Fish are exclusively aquatic animals, inhabiting various water bodies such as oceans, rivers, lakes, and ponds. They are adapted to their specific aquatic environments.

Streamlined Bodies

Most fish have streamlined, torpedo-shaped bodies. This design reduces water resistance, allowing for efficient swimming and maneuvering.

Gills for Respiration

Fish respire through gills, extracting oxygen from water. Gills consist of thin filaments with a large surface area for efficient gas exchange, enabling fish to extract oxygen dissolved in water.

Fins for Locomotion

Fish possess fins, which are modified structures that aid in movement, stability, and steering. These include dorsal, pectoral, pelvic, anal, and caudal fins.

Scales for Protection

Many fish are covered in scales, which provide protection against predators and reduce friction in the water. Scales vary in size, shape, and composition among species.

Vertebral Column

Fish vertebrates have a vertebral column, or spine, made of vertebrae. This structure supports the body and protects the spinal cord.

Reproductive Diversity

Fish exhibit diverse reproductive strategies, including external fertilization, internal fertilization, live-bearing, and egg-laying with various levels of parental care.

Sensory Adaptations

Fish have well-developed sensory organs. They have specialized eyes for underwater vision, lateral lines for detecting water movement, and a keen sense of smell and taste.

Habitat Adaptations

Fish vertebrates have evolved to inhabit various aquatic niches, resulting in adaptations such as bioluminescence in deep-sea fish, air-breathing in lungfish, and camouflage in reef-dwelling species.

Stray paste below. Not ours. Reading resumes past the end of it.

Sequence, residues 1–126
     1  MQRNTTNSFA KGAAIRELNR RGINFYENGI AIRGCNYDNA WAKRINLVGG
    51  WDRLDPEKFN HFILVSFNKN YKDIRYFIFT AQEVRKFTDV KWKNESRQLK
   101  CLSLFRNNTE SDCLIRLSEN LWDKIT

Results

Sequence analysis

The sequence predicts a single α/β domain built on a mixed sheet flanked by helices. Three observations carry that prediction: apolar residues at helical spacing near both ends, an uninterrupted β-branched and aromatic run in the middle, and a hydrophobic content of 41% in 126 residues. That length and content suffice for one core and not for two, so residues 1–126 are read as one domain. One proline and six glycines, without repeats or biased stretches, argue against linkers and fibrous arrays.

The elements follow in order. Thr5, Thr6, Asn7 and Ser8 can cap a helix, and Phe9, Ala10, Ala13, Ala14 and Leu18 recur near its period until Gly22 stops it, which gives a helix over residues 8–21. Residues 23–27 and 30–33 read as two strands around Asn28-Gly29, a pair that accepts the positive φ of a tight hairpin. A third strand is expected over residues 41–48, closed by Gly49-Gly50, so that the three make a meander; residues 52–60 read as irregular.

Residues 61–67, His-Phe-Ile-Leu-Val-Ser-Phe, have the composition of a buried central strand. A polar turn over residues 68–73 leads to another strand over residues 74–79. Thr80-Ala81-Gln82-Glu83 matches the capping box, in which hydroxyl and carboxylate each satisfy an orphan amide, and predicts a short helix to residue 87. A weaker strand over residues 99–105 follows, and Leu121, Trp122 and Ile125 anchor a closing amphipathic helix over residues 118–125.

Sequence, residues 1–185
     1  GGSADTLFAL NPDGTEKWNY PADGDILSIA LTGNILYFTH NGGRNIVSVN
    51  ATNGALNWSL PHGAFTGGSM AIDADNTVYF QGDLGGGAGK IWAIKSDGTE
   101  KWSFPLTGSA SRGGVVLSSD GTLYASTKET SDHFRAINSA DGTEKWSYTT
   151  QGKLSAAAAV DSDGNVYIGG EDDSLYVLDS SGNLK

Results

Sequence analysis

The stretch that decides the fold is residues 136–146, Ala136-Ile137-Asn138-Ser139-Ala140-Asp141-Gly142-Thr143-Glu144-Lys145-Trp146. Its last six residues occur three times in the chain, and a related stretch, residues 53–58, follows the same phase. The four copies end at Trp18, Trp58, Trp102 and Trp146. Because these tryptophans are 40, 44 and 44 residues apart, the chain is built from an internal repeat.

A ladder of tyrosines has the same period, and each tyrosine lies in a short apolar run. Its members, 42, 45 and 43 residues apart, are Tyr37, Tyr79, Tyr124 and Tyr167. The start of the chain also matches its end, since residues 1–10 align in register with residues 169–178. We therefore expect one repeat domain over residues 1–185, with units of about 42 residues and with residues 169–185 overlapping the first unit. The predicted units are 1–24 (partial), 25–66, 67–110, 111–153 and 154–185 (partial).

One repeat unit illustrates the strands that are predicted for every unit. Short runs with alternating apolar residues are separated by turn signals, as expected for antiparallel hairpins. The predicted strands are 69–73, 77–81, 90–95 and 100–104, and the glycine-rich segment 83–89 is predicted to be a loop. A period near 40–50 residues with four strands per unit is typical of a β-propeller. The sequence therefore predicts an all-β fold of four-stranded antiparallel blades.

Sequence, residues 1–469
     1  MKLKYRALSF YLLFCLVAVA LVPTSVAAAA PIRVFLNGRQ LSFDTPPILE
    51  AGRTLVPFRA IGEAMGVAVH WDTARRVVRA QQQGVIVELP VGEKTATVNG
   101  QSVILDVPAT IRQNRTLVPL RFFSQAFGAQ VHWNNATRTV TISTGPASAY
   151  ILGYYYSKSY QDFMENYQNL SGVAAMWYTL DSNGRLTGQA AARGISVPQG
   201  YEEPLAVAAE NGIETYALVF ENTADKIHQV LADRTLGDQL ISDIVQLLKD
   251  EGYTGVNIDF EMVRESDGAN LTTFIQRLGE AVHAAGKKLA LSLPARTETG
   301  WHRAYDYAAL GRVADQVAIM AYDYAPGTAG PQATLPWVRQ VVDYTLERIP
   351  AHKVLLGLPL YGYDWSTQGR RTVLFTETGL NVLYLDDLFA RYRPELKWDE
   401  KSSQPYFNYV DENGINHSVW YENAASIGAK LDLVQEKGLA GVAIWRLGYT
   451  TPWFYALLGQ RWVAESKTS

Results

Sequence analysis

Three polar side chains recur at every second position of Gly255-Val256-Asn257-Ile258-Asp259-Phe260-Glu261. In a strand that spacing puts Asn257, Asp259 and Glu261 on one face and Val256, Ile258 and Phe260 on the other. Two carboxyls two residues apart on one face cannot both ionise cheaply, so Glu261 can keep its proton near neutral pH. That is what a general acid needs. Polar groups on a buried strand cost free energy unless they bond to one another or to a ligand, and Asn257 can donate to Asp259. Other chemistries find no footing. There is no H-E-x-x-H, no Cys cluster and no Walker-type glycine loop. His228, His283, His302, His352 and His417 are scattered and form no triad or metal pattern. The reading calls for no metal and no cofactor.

List of Fish

  • Alaskan Pollock
  • Albacore Tuna
  • Alligator Gar
  • Amano Shrimp
  • Amberjack
  • American Eel
  • American Paddlefish
  • Anchovies
  • Angelfish
  • Anglerfish
  • Arapaima
  • Archerfish
  • Arctic Char
  • Asian Arowana
  • Asian Carp
  • Atlantic Cod
  • Atlantic Salmon
  • Atlantic Sturgeon
  • Australian Flathead Perch
  • Baiji
  • Banana Eel
  • Banjo Catfish
  • Barb
  • Barracuda
  • Barramundi Fish
  • Barreleye Fish (Barrel Eye)
  • Basking Shark
  • Bass
  • Batfish
  • Beluga Sturgeon
  • Beluga Sturgeon
  • Betta Fish (Siamese Fighting Fish)
  • Bigfin Reef Squid
  • Black Bass
  • Black Marlin
  • Blacknose Shark
  • Bladefin Basslet
  • Blobfish
  • Blue Catfish
  • Blue Eyed Pleco
  • Blue Shark
  • Blue Tang
  • Bluefin Tuna
  • Bluegill
  • Bonefish
  • Bonito Fish
  • Bonnethead Shark
  • Bowfin
  • Boxfish
  • Bronze Whaler Shark
  • Brook Trout
  • Buffalo Fish
  • Bull Trout
  • Butterfly Fish
  • Carp
  • Catfish
  • Chain Pickerel
  • Chimaera
  • Chinese Paddlefish
  • Chinook Salmon
  • Cichlid